O'Reilly's German Svnbook and our efforts...

Ben Collins-Sussman sussman at red-bean.com
Sat May 30 20:06:17 CDT 2009

On Fri, May 22, 2009 at 6:53 AM, Karl Heinz Marbaise <khmarbaise at gmx.de> wrote:

> I think the German part of O'Reilly has not understand the basics of Open
> source and the basic idea of this kind of projects.

It's not just the German part of O'Reilly, it's all of O'Reilly.

O'Reilly produces excellent computer books, but ever since we
published the 1st edition of the book with them in 2005, I was shocked
to discover that they are a "conventional" book publishing company in
every way.  The editors who work there aren't any more technically
advanced than editors working on fiction books.

*  They use Microsoft Word, proprietary layout systems like
FrameMaker, and have *no* idea how to use version control themselves.

*  They tried to get us to assign 100% copyright to them, because
that's the norm in the book industry.  We instead had to persuade them
to modify the generic contract such that the authors held onto the
copyright, and to use the Creative Commons license.

*  They completely ignore the online edition of the book:  they
operate as if whatever text we send to them is the only copy of the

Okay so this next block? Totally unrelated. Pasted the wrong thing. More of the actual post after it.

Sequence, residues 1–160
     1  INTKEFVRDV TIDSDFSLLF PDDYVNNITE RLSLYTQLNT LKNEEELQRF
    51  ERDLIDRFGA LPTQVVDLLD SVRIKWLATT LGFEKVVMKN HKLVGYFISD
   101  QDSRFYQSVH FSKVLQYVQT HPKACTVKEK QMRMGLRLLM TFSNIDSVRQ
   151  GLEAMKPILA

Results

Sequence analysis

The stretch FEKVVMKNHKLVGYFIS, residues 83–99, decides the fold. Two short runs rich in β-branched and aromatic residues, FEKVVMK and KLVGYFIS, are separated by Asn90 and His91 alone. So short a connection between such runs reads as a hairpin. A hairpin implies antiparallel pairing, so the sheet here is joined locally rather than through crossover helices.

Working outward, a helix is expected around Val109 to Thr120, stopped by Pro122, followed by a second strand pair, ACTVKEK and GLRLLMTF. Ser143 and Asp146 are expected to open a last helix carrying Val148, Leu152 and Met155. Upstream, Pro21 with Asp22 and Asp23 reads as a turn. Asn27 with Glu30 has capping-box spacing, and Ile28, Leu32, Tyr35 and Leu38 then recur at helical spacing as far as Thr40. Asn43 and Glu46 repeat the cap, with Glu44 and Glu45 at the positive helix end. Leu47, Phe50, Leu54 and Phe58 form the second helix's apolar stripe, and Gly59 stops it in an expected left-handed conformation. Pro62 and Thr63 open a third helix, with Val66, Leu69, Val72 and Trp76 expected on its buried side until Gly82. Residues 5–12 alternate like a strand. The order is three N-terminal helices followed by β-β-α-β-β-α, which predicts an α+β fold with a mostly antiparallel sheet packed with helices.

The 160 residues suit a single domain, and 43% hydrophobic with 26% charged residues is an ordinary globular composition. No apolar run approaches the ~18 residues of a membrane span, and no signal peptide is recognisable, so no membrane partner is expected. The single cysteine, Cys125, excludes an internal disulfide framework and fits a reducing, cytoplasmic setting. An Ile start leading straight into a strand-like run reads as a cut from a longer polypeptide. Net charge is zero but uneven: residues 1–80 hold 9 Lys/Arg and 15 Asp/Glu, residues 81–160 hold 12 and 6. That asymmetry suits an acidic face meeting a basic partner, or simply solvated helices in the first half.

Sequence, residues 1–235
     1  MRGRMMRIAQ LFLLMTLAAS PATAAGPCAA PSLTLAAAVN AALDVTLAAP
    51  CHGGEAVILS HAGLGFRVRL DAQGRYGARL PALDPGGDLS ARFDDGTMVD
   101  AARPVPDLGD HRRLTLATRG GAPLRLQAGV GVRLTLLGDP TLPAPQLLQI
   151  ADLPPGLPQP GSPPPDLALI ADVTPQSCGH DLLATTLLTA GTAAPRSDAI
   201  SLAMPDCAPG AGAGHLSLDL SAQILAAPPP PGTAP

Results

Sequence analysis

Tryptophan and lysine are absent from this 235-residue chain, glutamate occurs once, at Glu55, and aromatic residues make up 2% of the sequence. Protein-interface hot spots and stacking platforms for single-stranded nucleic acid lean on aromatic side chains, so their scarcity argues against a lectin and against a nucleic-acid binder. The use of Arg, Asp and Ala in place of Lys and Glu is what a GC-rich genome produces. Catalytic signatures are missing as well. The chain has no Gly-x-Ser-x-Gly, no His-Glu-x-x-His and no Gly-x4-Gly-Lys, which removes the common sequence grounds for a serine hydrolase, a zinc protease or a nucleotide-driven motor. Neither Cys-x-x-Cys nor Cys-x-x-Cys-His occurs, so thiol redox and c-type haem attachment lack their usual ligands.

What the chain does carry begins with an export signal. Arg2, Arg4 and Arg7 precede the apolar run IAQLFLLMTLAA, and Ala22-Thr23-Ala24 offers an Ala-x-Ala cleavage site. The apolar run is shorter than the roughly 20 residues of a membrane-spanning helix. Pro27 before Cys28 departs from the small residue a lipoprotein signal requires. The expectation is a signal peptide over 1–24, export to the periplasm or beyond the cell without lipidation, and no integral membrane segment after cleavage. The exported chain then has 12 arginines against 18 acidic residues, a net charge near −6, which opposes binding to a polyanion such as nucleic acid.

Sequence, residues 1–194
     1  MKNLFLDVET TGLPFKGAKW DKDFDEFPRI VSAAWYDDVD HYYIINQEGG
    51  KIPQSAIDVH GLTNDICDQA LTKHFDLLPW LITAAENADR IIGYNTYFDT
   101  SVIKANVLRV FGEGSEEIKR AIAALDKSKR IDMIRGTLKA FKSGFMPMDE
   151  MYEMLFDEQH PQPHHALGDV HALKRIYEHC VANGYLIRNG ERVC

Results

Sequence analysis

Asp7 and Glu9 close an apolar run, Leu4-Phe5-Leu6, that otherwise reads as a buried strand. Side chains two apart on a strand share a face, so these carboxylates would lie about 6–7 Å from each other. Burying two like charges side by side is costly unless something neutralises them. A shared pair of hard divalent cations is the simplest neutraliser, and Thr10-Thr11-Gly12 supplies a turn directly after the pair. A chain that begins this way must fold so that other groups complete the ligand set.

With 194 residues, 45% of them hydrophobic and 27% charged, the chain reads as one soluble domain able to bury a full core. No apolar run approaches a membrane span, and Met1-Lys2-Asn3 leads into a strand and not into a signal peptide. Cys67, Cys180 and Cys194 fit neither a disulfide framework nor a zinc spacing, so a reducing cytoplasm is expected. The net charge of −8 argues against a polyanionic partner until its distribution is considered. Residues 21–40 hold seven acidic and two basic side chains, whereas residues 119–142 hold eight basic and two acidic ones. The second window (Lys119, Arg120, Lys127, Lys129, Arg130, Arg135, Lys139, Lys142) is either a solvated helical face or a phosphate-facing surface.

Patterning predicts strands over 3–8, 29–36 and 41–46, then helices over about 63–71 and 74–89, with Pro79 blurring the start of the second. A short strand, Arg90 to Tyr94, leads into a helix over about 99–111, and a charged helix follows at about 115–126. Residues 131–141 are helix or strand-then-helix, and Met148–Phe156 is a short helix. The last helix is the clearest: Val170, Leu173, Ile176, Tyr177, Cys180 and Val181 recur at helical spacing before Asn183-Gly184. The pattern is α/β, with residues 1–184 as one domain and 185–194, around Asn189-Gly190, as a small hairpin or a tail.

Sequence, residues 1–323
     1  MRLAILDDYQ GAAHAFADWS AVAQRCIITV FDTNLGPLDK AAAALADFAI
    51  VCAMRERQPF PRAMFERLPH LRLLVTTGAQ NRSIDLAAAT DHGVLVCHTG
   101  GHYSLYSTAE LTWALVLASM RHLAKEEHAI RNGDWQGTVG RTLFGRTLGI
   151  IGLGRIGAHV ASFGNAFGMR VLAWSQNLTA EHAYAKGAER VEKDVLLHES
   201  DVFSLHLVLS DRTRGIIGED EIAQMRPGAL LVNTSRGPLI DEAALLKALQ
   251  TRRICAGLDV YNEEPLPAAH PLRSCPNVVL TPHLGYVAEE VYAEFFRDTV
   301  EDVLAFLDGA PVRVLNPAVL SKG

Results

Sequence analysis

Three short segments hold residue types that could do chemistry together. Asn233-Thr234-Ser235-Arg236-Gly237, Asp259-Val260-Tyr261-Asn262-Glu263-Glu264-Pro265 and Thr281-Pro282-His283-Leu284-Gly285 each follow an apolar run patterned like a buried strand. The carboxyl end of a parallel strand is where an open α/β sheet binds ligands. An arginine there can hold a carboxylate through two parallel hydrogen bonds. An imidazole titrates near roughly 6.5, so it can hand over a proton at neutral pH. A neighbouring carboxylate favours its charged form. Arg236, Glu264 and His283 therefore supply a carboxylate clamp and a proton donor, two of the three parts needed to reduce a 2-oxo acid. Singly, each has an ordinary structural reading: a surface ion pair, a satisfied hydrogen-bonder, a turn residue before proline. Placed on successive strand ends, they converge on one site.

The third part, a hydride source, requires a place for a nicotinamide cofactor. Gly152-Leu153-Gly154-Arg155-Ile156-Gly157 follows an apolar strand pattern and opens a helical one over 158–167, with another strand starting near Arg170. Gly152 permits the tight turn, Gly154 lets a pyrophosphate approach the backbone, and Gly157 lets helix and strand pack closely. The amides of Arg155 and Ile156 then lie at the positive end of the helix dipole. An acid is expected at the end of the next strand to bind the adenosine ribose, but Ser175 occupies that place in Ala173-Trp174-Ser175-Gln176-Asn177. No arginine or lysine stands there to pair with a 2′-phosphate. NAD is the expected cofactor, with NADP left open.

book in the world.  Even though we've explained that the website runs
in parallel (and is always more up-to-date), they still believe they
have the "master" fork of the book.  That's why they publish "errata"
on their website, and completely ignore our open source repository.

*  As with all of their books, they hire their own translators and
publish their own translations.  They are completely uninterested in
our opensource efforts.  We simply do not exist.

Really, the *only* thing that they do differently than a generic book
publisher is that their lawyers "tolerate" open source licenses on
books.   All their other processes are traditional and are exactly the
way publishers have been behaving for decades.

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